BabyLove spokesperson and Clinical Psychologist, Leanne Hall, spoke to us about the best way to deal with bed wetting. We know its a big issue for many kids and parents, especially if older kids are still wetting the bed, so we’re sharing her insight and wisdom in the hope that it helps.
What you need to know about bed wetting
Many children are toilet trained by the age of three years, however not all. Around 15-20 per cent of young children will continue to wet the bed until the age of five.
Bed wetting is caused by a delay in maturation of the mechanisms that control the bladder. It is no one’s fault – and it’s something that cannot be controlled.
It can be exhausting for parents – resulting in feelings of anxiety, irritability and even anger – especially among parents of older age children. A BabyLove Survey into bed wetting revealed that nearly half of mothers found it ‘worrying’ and ‘stressful’. This can have a negative impact on the child, who may be anxious when going to bed and worried about getting in trouble if they have a night time ‘accident’. It can also be a cause for concern when kids start getting invited for sleepovers and school camp is on the horizon.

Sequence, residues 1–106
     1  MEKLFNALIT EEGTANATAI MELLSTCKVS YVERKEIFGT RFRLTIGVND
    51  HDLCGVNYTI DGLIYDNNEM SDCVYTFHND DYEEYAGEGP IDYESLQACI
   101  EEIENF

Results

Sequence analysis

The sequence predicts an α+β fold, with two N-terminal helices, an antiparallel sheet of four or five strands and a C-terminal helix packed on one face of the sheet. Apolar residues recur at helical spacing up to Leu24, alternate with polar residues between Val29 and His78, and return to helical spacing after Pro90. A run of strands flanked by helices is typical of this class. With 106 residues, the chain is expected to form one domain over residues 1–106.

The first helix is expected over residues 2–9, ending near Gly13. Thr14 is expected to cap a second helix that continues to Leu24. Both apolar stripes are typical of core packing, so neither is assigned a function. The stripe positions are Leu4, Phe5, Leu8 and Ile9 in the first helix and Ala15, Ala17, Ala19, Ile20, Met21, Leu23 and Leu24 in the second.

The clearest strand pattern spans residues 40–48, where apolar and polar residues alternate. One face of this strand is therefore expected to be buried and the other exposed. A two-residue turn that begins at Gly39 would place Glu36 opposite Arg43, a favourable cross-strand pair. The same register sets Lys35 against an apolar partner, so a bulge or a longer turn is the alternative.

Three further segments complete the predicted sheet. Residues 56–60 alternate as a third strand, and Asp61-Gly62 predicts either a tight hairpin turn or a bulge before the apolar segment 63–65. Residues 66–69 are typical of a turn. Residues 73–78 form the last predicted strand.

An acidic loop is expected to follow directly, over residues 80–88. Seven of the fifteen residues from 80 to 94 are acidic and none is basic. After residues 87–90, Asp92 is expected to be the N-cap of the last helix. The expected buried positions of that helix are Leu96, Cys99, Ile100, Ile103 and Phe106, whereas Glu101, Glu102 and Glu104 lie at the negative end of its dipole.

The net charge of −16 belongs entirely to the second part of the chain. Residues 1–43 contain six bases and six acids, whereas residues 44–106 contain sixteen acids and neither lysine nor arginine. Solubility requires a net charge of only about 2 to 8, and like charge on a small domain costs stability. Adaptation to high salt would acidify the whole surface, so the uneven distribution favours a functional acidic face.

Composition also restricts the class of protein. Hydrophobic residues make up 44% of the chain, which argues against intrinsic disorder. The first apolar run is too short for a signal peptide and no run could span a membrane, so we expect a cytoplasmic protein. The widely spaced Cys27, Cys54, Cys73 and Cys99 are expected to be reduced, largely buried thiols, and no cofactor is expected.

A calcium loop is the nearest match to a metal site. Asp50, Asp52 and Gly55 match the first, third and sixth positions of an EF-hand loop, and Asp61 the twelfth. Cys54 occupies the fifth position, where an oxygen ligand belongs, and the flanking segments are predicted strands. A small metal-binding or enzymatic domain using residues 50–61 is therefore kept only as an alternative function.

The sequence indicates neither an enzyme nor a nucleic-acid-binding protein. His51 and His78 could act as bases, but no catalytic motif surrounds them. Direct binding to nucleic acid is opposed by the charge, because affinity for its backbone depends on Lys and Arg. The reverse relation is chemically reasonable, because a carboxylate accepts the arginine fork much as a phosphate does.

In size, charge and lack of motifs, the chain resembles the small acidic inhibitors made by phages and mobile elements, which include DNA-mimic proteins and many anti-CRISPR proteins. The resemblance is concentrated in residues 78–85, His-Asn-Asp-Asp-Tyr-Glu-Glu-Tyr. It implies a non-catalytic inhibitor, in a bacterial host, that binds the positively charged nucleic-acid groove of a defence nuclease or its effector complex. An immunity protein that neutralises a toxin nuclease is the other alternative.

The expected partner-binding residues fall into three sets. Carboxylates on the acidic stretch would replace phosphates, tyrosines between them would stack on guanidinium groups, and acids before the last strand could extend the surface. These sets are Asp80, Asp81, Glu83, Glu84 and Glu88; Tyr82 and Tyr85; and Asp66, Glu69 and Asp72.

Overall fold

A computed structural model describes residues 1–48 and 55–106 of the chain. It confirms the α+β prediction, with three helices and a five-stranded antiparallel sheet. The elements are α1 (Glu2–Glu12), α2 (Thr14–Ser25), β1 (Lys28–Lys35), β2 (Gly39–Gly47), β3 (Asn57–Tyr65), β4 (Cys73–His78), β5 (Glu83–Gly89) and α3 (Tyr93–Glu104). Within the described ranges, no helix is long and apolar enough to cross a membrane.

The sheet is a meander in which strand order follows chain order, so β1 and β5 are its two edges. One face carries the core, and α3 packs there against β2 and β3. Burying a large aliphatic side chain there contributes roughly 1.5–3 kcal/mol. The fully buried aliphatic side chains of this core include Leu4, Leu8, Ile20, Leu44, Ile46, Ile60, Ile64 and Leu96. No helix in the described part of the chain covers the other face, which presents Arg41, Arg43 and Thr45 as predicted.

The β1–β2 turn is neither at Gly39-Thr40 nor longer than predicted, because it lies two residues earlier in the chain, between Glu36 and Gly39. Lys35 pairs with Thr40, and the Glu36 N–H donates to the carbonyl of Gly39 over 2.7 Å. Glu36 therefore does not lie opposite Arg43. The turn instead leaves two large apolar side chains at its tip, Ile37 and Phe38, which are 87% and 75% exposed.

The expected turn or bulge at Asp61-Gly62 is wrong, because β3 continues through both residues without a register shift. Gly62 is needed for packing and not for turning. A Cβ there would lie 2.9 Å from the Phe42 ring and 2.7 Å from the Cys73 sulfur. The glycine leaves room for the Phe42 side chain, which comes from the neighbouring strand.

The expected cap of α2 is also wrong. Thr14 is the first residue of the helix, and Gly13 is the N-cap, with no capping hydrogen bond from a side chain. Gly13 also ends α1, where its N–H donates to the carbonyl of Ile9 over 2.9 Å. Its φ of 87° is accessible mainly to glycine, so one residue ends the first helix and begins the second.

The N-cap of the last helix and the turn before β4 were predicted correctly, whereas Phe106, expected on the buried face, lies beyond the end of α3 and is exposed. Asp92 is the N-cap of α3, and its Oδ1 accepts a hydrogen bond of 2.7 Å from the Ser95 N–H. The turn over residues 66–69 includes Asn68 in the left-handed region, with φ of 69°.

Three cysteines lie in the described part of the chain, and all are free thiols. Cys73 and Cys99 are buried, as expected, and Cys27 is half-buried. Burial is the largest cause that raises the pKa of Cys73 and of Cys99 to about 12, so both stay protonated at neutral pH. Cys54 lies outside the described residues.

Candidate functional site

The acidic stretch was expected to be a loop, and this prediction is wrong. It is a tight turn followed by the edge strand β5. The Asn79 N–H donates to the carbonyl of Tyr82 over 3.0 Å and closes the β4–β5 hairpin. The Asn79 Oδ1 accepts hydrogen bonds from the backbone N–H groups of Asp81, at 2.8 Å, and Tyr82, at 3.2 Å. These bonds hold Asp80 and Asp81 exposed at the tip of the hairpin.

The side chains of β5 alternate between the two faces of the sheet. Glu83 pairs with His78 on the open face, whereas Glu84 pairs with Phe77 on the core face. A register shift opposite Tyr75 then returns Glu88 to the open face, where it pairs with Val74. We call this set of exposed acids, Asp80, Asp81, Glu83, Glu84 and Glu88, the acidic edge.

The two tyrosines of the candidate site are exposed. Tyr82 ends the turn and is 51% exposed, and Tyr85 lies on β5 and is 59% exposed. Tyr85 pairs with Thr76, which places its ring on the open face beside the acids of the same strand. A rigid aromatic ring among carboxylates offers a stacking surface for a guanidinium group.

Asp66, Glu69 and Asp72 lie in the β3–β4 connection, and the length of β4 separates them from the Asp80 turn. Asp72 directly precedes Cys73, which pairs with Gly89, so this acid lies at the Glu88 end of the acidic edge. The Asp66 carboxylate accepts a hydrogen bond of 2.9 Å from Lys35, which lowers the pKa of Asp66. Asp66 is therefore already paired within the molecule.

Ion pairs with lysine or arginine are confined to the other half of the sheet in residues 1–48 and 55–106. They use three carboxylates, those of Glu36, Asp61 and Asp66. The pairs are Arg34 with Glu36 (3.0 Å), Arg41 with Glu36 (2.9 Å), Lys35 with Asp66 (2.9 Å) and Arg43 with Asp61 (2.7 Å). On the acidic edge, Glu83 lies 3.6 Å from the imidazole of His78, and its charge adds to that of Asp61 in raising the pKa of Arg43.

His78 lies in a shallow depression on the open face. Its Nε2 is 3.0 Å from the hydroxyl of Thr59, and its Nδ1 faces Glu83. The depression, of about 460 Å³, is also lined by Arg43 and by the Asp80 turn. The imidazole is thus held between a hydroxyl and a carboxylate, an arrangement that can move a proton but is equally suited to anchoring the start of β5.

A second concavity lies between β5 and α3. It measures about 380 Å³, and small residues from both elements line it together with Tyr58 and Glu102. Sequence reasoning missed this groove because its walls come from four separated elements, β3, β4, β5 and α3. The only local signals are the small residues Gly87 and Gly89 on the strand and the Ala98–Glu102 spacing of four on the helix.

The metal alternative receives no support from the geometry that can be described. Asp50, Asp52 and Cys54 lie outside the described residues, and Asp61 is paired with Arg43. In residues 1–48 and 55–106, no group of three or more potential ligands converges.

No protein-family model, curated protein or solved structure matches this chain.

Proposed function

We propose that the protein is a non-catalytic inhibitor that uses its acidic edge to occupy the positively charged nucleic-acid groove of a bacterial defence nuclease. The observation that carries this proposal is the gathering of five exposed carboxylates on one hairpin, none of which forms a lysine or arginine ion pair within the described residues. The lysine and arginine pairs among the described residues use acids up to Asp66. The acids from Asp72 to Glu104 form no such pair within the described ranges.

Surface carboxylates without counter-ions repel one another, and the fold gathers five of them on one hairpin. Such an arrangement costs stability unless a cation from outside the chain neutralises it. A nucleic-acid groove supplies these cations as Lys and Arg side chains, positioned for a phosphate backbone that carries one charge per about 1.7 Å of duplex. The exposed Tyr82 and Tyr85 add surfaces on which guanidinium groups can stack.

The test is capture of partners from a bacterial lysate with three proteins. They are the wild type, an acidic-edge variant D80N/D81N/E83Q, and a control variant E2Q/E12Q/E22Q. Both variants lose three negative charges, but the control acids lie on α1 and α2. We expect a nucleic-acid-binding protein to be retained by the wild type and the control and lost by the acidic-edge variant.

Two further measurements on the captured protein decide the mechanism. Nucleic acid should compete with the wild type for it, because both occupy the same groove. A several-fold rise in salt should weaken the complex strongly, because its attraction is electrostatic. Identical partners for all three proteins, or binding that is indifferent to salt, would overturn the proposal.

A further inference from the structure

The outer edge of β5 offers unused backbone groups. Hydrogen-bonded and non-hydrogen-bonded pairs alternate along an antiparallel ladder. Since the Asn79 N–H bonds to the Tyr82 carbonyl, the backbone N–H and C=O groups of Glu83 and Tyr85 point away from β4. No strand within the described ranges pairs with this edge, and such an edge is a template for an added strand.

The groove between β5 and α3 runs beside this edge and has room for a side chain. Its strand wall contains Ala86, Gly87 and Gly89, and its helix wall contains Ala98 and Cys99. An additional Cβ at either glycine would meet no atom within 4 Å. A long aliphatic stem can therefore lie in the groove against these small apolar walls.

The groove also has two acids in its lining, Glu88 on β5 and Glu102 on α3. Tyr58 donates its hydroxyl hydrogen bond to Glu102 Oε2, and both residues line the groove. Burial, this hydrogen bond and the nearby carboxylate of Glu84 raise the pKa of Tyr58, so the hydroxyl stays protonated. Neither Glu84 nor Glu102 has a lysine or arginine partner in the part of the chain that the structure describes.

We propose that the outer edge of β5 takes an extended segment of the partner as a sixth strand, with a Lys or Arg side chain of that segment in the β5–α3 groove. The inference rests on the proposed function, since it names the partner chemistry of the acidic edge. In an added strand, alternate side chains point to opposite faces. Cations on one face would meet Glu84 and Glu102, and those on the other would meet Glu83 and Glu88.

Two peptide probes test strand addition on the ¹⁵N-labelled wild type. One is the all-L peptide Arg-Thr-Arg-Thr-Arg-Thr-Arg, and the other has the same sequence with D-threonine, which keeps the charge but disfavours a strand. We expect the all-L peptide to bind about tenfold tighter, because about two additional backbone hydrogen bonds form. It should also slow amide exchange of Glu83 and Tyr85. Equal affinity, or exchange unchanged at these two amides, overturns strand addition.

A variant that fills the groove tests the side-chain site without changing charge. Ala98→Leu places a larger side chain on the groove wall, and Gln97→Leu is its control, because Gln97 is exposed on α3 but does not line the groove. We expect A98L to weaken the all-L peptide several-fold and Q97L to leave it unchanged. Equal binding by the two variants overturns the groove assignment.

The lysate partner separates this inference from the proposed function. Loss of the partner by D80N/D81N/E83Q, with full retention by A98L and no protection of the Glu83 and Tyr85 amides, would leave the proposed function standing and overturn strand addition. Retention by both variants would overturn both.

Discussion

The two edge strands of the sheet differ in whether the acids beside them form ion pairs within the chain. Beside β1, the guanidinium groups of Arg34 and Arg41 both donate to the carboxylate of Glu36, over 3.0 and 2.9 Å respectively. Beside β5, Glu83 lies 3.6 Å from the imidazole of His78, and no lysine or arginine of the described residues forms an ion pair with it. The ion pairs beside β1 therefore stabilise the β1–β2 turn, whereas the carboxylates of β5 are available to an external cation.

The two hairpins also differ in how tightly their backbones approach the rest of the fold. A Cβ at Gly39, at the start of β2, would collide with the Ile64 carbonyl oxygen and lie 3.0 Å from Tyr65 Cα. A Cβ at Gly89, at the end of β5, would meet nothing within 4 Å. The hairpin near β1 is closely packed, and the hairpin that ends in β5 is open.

How to deal with bed wetting
- Reassure your child that it’s normal. Anxiety can make the problem worse, so try and stay calm, and always praise your child when they have a dry night. Remember, nearly all children will grow out of it – once their bladders have reached maturity.
- Offer your child less drinks at night.
- Create a night time habit of ensuring your child goes to the toilet immediately before bed time, so that they empty their bladder before going to sleep.
- Leave a soft light on during the night so that it feels “safe” to go to the toilet.
- Use an overnight nappy pant with added absorbency, this will save a lot of stress for both parent and child – with leakage protection, and quick change if required.
Most children grow out of bed wetting, with less than five per cent of children continuing to wet the bed when they are eight years of age. If you are concerned about your child’s continued bed wetting, visit your family doctor for advice.